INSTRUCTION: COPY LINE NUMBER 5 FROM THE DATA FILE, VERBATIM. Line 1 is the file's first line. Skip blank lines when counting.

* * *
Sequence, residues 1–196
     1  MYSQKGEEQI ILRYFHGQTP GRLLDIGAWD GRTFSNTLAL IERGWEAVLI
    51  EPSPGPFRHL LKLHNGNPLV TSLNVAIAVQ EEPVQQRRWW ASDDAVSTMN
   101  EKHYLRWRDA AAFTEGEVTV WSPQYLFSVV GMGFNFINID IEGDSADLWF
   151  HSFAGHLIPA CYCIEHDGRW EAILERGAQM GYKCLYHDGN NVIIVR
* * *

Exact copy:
   151  HSFAGHLIPA CYCIEHDGRW EAILERGAQM GYKCLYHDGN NVIIVR